Moderna, Excision Launch HIV Trials Inspired by COVID-19 Pandemic
Pharmaceutical giant Moderna announced that it has launched a clinical trial for a human immunodeficiency virus (HIV) vaccine. The first participants in Phase I of the trial—56 healthy, HIV-negative people—were given their first dose of the vaccine Thursday at George Washington University (GWU) School of Medicine and Health Sciences in Washington, D.C. The mRNA vaccine was created using the same technology Moderna used to create its COVID-19 vaccine.
The road to an HIV vaccine has been long. Currently, about 38 million people worldwide are living with HIV—with a few treatment options, but no cure. Clinical trials have been researching possible cures since 1987. A study of a vaccine in the 2000s run in Thailand reportedly decreased infections by about 30%, but the results are controversial.
If there were to be a silver lining to the coronavirus pandemic, this might be it. Moderna invested heavily in mRNA technology to manufacture some 900 million doses of the COVID-19 vaccine. Now, using the same technology, the company has created an mRNA-based vaccine to prevent HIV.
"Given the speed with which mRNA vaccines can be produced, this platform offers a more nimble and responsive approach to vaccine design and testing, potentially shaving off years from typical vaccine development timelines," Moderna’s statement said.
This is the first time that an HIV vaccine has been made with mRNA technology. BioSpace previously reported on Moderna’s clinical trial plans in August 2021. A first trial last year tested the immunogen but without employing mRNA technology. It showed that the desired immune response was triggered in dozens of people taking part in the research. Based on those promising results, the mRNA vaccine will use those same immunogens to trigger immune responses in patients in hopes that the B lymphocyte cells of the immune system will generate antibodies against HIV.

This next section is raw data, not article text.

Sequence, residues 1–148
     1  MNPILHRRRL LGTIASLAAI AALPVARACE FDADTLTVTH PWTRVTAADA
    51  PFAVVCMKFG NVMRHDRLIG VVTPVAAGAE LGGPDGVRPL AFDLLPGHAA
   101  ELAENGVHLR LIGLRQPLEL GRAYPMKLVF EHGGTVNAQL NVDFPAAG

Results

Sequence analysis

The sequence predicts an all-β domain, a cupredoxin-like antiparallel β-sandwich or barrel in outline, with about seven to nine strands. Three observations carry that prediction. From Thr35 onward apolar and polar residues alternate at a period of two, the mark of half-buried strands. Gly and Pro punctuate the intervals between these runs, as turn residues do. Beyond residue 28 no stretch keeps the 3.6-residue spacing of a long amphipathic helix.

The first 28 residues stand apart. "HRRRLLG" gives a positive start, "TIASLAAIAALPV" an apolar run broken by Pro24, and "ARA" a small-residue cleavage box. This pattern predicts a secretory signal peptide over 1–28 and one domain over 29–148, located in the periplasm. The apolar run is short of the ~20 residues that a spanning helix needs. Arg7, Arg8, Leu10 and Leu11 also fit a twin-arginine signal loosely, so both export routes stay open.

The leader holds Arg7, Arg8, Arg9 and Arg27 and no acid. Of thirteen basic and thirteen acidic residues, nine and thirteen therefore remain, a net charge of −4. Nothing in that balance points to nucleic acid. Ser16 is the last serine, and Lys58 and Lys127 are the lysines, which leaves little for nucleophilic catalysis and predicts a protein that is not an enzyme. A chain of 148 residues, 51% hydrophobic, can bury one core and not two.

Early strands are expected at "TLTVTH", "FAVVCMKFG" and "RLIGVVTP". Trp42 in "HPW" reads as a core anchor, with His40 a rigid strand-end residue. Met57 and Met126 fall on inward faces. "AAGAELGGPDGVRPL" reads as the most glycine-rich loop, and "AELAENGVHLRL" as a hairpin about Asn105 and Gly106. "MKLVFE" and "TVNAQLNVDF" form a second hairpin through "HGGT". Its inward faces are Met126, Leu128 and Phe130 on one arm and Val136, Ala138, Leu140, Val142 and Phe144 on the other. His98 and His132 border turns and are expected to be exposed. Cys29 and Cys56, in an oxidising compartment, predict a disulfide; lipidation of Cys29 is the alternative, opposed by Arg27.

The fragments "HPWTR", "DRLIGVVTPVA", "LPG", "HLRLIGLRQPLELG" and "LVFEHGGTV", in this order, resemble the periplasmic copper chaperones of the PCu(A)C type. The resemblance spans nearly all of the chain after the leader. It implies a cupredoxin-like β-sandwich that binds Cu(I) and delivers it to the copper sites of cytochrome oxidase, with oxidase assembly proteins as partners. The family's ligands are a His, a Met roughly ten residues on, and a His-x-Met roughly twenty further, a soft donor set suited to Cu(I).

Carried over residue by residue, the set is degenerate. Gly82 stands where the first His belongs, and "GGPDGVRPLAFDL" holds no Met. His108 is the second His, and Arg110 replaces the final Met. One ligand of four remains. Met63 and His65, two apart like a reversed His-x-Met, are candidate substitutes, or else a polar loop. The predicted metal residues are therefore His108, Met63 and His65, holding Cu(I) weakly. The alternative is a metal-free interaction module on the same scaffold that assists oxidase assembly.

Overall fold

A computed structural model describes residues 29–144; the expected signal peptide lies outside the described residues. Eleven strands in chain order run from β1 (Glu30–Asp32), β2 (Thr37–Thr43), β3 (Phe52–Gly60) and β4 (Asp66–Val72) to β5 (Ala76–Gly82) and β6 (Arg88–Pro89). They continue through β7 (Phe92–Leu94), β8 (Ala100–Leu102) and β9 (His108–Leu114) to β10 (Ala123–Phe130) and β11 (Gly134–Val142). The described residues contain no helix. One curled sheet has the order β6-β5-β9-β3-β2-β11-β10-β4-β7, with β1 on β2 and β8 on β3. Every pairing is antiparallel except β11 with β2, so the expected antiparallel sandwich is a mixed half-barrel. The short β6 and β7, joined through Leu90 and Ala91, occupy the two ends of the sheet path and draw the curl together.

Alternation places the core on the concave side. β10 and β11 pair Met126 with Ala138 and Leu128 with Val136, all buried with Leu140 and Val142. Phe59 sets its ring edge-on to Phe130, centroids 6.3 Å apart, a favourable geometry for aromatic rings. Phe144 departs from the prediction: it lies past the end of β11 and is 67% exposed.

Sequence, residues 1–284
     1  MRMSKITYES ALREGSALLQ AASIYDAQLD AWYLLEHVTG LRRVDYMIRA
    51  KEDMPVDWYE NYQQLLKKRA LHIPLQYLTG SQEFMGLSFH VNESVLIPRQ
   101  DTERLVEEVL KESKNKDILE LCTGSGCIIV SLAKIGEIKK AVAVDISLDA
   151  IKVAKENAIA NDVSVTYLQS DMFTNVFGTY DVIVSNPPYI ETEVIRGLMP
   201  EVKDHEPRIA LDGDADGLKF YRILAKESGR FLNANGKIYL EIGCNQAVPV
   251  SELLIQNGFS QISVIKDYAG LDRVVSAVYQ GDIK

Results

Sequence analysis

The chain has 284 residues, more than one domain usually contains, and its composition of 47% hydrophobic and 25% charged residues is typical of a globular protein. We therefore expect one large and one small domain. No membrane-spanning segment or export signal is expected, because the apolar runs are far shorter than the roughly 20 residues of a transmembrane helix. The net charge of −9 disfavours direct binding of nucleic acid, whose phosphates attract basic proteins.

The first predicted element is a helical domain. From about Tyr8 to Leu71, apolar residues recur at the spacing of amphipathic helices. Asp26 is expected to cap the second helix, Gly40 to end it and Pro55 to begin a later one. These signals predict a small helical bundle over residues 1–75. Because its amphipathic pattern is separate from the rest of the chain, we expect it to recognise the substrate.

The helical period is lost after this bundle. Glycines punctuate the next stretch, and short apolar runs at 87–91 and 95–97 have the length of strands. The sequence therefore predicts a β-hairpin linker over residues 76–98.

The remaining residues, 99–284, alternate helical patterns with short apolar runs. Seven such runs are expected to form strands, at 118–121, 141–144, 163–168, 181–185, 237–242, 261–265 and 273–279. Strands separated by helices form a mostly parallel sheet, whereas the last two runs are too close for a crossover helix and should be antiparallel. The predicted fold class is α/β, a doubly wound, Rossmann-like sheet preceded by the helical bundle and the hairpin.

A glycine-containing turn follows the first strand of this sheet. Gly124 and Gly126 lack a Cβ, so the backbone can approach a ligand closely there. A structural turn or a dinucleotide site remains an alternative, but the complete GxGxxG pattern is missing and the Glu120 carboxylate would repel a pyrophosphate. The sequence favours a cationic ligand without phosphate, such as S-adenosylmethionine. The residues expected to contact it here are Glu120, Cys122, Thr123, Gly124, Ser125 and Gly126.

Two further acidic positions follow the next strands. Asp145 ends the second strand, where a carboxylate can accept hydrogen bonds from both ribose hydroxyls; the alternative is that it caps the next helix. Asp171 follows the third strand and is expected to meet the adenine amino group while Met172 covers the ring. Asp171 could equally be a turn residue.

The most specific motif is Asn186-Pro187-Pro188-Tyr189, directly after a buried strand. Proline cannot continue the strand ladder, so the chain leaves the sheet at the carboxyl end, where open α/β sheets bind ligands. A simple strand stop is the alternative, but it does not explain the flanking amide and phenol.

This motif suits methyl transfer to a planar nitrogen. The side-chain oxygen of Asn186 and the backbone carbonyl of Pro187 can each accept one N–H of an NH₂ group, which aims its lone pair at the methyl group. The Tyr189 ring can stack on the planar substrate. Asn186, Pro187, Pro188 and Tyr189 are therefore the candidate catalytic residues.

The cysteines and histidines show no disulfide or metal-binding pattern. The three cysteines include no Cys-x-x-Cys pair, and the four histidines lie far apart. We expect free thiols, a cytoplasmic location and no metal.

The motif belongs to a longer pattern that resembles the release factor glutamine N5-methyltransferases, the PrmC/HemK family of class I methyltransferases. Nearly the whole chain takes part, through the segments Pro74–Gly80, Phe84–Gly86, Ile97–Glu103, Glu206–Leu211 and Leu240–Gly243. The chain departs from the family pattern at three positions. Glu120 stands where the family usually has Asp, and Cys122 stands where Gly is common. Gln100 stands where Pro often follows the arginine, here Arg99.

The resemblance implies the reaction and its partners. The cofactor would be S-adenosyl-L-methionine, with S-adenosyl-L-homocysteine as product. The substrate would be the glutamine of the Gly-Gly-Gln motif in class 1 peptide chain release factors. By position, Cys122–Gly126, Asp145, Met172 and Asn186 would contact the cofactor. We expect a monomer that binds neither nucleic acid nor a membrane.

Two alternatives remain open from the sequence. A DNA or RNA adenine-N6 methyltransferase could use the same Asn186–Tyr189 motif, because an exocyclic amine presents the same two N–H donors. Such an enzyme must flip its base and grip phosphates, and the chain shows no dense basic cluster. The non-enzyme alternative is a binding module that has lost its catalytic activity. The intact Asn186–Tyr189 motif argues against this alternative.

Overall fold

The immunogens used in this trial were developed by IAVI, a nonprofit scientific research foundation dedicated to learning more about HIV and AIDS, and the Scripps Research Institute, with support from the Bill & Melinda Gates Foundation and the U.S. National Institute of Allergy and Infectious Diseases. The immunogens will be delivered with Moderna’s mRNA technology.
“The search for an HIV vaccine has been long and challenging, and having new tools in terms of immunogens and platforms could be the key to making rapid progress toward an urgently needed, effective HIV vaccine," said Mark Feinberg, M.D., Ph.D., president and CEO of IAVI.
Now that the study has begun, the next step is a booster shot. Forty-eight of the participants will receive one or two doses of the mRNA vaccine, and 8 participants will receive a boost of the immunogen alone. Patients will be monitored for safety for six months after their last vaccination.
Elsewhere in the HIV treatment space, Philadelphia-based Excision BioTherapeutics also announced that they have initiated Phase I of a two-phase clinical trial. Their treatment uses CRISPR-based technology called EBT-101 to remove sections of the HIV genome from the human body.
Excision was also inspired by the pandemic. While most of the world has been worried about the coronavirus pandemic—rightly so—Dr. Lisa Danzig, M.D., chief medical officer of Excision, acknowledged that the world has also been suffering from an HIV pandemic with much less medical success. “Forty years into this pandemic there is still no curative regimen [for HIV],” Danzig said. Between Excision’s and Moderna’s clinical trials, the quieter pandemic of HIV will hopefully be nearing an end.